All BM/PB and tissue FISH tests are validated using 20 normal samples and a limited number of positive specimens. A great effort is made to identify and include all possible signal patterns during the validation procedure, however, FISH signal patterns not observed during validation are often detected in clinical cases. A rational interpretation of these findings is very important for clinical management. In these circumstances, a careful literature search and literature review can be very helpful. Two examples of unusual MYC tissue FISH signal patterns are listed below (Figures 11 and Figures 12). Figures 11 represents a case with a mixture of signal patterns, including several positive signal patterns (e.g., 1R1G1F, 1R1F, 1G1F and 1R1G2F) listed in Table 3. Both technologists and the laboratory director should be aware that this can be caused by either complexity of chromosomal abnormalities or overlap and/or truncation of signals. Therefore, in cases like this, a positive result is concluded based on the fact that the reading result of at least one positive signal pattern, but not the sum of two or more positive signal patterns, is above the cutoff value. In a rare situation that the sum of reading results of several positive signal patterns are very high but none of the reading results of each positive signal pattern is above the cutoff value, a third or even a fourth technologist can be assigned to re-analyze the case. Repeating the test with a new slide with further defined areas of interest may solve the puzzle. Figures 12 represents a case with 5’MYC amplification. Different from cases with amplification of intact MYC but no rearrangement, this result is considered as a positive signal pattern for MYC rearrangement, but was not observed during the validation.

Figure 11 A MYC rearrangement positive case with a mixture of signal patterns, including several positive signal patterns (e.g., 1R1G1F, 1R1F, 1G1F and 1R1G2F).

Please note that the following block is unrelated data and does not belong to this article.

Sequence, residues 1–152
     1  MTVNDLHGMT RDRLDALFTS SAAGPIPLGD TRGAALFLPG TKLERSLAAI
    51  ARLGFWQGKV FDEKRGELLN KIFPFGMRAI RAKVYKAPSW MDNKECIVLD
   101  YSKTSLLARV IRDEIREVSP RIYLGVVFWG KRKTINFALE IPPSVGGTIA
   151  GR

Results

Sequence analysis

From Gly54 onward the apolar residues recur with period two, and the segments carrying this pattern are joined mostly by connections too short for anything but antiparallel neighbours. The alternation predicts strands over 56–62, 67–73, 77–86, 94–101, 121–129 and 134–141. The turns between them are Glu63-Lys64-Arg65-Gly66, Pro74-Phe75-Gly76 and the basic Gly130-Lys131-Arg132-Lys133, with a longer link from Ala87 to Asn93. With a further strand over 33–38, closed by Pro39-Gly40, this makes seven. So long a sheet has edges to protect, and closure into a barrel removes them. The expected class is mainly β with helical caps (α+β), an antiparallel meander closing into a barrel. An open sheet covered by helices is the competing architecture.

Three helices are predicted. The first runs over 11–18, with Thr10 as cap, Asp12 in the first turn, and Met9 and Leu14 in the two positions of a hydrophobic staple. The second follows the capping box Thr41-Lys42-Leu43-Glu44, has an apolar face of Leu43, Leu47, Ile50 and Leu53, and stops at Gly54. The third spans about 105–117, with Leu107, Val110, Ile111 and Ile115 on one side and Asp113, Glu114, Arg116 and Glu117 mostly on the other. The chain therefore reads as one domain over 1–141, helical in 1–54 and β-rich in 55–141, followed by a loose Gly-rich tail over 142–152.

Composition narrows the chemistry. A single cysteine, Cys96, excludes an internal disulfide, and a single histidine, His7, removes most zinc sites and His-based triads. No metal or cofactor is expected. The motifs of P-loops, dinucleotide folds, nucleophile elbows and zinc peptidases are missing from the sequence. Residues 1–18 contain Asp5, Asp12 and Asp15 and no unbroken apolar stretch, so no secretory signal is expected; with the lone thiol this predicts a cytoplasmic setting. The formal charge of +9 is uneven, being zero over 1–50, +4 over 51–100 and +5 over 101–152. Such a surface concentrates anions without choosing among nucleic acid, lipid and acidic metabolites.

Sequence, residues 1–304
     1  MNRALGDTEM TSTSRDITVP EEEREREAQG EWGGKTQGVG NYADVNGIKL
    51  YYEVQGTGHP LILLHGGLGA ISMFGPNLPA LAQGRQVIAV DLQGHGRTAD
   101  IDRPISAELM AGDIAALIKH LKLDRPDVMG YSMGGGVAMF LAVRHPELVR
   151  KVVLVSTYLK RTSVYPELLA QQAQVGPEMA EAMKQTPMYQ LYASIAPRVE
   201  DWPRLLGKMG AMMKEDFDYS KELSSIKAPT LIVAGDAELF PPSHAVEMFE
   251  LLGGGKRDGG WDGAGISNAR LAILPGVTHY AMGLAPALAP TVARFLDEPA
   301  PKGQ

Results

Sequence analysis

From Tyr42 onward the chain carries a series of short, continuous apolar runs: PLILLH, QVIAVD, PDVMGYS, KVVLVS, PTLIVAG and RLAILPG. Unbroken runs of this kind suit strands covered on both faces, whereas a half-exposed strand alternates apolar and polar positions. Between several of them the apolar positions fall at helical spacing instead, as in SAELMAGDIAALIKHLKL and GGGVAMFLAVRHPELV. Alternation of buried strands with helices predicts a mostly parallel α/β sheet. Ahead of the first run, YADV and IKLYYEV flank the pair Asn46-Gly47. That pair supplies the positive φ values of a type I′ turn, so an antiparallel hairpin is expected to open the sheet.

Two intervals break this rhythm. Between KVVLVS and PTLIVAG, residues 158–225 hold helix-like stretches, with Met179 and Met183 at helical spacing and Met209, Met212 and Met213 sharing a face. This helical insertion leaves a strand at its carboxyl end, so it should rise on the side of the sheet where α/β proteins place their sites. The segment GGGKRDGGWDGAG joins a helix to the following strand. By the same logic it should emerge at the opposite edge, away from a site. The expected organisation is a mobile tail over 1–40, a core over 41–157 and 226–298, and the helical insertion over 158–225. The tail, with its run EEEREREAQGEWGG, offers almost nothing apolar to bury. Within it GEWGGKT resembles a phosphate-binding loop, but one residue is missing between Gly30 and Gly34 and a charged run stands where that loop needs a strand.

Figure 12 A MYC rearrangement positive case with 5’ MYC amplification.

3.5 Interpreting MYC Tissue FISH Test Results

As same as for all other tissue FISH tests, a “borderline” MYC tissue FISH result is one of the biggest challenges in interpretation. For this matter, a careful correlation with results of other related tests such as immunohistochemistry (IHC), NGS and RNAseq can be very helpful. Other validated and available FISH Probe for MYC rearrangement (e.g., IGH/MYC fusion probe), no matter they are used as a reflex test or not in the laboratory, can be applied to repeat the testing. It has been reported that approximately 5% of MYC rearrangement cases can be detected by IGH/MYC fusion probe but not the MYC break-apart probe [15,18]. Other available methods such as Southern-blot or multiplex PCR can be applied to further clarify the status of MYC rearrangement in the sample. Sometimes, a test fails after repeated attempts of analysis. It is necessary to include the possible reason(s) for the failure of a test, such as unknown type of fixative and aging of paraffin block, in the final report.

4. Post-Analytical QA/QC Measurement for Tissue FISH Tests

4.1 Policy for Post-Analytical QC Measurement and Monitoring all Tissue FISH Test Reports

A written procedure for error investigation and correction has been implemented, and a policy for post-analytical QC measurement has been established and followed in our laboratory for monitoring MYC and all other tissue FISH test performances, including sample mislabeling, failed cases and possible reason(s), typographic errors, addendum/corrected reports and TAT issues. For example, in each month, 5 or more tissue FISH tests which have been reported within the previous month are randomly chosen for post-analytical reviews by the laboratory directors.

4.2 Proficiency Test for Tissue FISH Testing

Our laboratory actively participates in the College of American Pathologists (CAP) proficiency testing (PT) available for all tissue FISH tests including MYC. For the tissue FISH tests without commercial PT available, at least one previously tested positive specimen is used to perform inter-experimental and intra-experimental comparison bi-annually to monitor the performance of our MYC tissue FISH testing.

4.3 Establishment of a Dynamic Database and Continuous Monitoring Tissue FISH Testing

In our laboratory, all procedure steps and important information are captured and stored in our laboratory information system (LIS) in real-time, including but not being limited to specimen accession and labeling, sample treatment and outcomes, sample analysis and results (e.g., reading numbers by each technologist and signal intensity) and final reports. A summary of each type of tissue FISH tests (e.g., MYC) is generated and analyzed both monthly and annually.

In summary, FISH testing plays an important role in the clinical practice of hematologic malignancies. Implementation of QA/QC measurements involving all steps of this test is necessary to guarantee the consistency and quality of this test.

Author Contributions

All authors participated in writing and editing this manuscript.

Competing Interests

The authors have declared that no competing interests exist.